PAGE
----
Hard to believe but there was a time before YouTube – before cable television and home video for that matter. We ate the music we were served and we liked it, said the crusty old curmudgeon. Live albums were an opportunity to hear our favorite music in a new way, and they still are. Here are some choice live album cuts you’ve probably never heard:
1. “Chloe Dancer,” Pearl Jam, Live At the Gorge. The greatest song that you’ve never heard from the Grunge era. It might have died with Andy Wood, but fortunately the Mother Love Bone survivors didn’t let that happen.
2. “Sign of the Cross,” Skafish, Urgh! A Music War. It’s hard for me to pick a single track from this double album, but the nod has to go to Skafish. Irreverent, funny, disturbing, dramatic, intense. Runner up: Every other song on the album.
3. “Tattooed Love Boys,” The Pretenders, Concerts for the People of Kampuchea. Another live album virtually impossible to narrow down to a single track, but when Chrissie Hynde says “I shot my mouth off and he showed me what that hole was for” I still lose the ability to reason for fifteen minutes.
4. “Mother Popcorn,” Aerosmith, Live! Bootleg! Nobody can out-JB James Brown, but this cover comes close – skinny legs and all.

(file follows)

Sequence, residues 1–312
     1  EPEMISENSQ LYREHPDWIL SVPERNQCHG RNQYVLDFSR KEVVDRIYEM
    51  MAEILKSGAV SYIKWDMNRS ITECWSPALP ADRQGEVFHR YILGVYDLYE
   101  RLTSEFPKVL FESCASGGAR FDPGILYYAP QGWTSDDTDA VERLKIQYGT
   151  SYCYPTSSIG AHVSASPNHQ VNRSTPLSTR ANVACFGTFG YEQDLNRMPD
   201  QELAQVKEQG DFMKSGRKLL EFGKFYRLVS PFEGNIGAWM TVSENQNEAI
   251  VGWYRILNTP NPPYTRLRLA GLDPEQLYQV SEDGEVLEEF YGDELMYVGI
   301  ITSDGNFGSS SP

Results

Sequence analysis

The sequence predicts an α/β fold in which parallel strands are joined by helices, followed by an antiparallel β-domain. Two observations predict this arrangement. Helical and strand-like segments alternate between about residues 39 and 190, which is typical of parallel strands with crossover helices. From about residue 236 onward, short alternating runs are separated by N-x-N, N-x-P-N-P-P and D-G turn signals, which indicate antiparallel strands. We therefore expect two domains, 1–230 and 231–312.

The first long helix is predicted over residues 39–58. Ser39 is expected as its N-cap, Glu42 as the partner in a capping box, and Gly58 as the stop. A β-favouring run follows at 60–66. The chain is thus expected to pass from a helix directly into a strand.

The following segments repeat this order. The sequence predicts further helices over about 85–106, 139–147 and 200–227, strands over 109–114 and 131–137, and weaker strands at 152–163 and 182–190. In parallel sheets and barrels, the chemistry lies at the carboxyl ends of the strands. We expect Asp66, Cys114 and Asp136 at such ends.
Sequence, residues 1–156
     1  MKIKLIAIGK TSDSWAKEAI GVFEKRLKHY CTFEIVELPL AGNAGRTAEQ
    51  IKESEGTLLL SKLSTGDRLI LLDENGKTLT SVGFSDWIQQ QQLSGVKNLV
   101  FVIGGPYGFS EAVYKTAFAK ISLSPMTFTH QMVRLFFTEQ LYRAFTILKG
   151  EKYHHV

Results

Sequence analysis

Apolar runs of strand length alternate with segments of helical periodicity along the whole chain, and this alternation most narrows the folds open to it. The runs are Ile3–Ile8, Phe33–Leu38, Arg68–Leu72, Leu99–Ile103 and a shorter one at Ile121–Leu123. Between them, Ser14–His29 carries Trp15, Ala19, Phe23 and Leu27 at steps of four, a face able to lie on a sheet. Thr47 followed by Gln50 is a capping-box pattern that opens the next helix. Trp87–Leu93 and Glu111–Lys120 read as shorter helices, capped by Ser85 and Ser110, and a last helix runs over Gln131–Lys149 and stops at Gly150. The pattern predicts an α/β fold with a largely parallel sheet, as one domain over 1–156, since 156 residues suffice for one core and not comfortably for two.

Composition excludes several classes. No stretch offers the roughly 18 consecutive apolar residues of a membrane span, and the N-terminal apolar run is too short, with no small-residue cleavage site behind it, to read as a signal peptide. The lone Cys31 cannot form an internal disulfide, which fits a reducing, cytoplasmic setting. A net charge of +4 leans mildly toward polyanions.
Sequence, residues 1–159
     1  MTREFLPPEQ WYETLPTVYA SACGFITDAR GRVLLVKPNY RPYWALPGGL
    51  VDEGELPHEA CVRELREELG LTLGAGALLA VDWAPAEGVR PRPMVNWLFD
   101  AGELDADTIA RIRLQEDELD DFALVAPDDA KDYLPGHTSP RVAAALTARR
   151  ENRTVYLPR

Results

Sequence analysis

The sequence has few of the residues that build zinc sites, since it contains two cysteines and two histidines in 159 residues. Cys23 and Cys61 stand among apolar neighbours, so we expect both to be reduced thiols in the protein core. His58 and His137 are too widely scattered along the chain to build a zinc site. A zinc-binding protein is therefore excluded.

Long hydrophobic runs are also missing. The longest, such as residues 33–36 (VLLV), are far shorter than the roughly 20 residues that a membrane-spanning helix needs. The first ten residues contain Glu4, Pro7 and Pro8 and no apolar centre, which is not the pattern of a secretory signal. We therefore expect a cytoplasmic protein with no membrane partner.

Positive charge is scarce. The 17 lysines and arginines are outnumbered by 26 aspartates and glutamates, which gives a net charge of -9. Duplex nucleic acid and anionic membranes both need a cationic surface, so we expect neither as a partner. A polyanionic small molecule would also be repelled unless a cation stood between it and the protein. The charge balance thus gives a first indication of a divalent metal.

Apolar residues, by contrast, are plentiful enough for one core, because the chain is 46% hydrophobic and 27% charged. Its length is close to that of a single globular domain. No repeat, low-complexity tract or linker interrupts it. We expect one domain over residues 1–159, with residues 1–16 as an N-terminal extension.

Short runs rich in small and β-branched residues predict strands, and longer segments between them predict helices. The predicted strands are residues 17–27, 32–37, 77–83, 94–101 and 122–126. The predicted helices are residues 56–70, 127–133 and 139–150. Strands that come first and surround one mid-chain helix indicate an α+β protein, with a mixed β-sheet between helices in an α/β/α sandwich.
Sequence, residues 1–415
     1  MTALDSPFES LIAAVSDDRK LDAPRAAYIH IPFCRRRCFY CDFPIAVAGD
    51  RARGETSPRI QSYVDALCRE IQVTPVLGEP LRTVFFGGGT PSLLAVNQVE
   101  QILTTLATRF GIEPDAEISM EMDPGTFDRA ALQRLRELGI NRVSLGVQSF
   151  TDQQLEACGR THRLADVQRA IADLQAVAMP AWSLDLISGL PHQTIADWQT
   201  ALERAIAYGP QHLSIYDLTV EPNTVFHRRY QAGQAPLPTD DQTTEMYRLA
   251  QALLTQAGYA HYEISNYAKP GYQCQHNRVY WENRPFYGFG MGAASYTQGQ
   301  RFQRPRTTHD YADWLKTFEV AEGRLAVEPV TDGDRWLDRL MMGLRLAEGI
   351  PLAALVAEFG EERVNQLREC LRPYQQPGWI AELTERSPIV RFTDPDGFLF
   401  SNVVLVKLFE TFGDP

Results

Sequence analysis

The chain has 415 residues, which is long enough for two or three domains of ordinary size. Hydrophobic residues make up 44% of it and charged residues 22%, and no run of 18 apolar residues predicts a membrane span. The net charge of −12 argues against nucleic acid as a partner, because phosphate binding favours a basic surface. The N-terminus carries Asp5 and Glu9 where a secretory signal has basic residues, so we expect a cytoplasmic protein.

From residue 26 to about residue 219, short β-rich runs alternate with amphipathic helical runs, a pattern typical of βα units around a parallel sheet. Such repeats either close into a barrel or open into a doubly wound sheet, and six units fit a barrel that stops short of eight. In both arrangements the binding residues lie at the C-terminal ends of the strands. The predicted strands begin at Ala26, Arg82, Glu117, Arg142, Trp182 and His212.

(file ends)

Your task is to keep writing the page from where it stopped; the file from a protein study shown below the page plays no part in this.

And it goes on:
5. “Ain’t It Fun,” The Dead Boys, Night of the Living Dead Boys. The first album I purchased on the Bomp! label. If you’re familiar with the Guns ‘N’ Roses cover, go find this track and hear it done right.
6. “Maps and Legends,” REM, unknown. This was a b-side to a 12″ and I’m having trouble placing it right now. Recorded at McCabe’s guitar shop in LA, it captures REM during that brilliant moment when they could do no wrong.
7. “Pinball Wizard,” Pete Townshend, The Secret Policeman’s Ball. Nowadays it’s not hard to find Pete live and acoustic, but when this came out it was a revelation. The power isn’t in John’s thunder bass, Roger’s wail, or Keith’s chaotic drumming: The power is in the song. Pete’s unique strumming patterns don’t hurt, either.
8. “Had A Dad,” Jane’s Addiction, Live and Rare. Jane’s was one of those bands that had to be experienced live. There are thousands of words in my future regarding Jane’s Addiction, but for now suffice it to say that I found a new best friend I’d never meet when Perry howled: “I had a dad/big and strong/I turned around and / I found my daddy gone.”
9. “Whiter Shade of Pale,” HSAS, Through the Fire. A one-off band featuring Sammy Hagar, Neil Schon, Kenny Aaronson and Michael Shrieve. This is by no means the definitive version of Procol Harum’s classic, but it is good and overlooked. Also of odd note for a live track: On the album version the audience has been removed to make it sound more like a studio cut.
10. “An American Trilogy,” Elvis Presley, multiple. E is so anthologized you won’t have any trouble finding this one. It’s hardly a deep cut, but then again it is for some folks. There is no recording I’ve ever found that better reveals the latter-day Elvis as the toothless and broken caged lion that he had become. I dare you not to get a little misty when he sings:
So hush little baby
Don’t you cry
You know your daddy’s bound to die
But all my trials, Lord, will soon be over.
By the eyebrow pencil of sweet Lisa Marie I dare you not to choke up!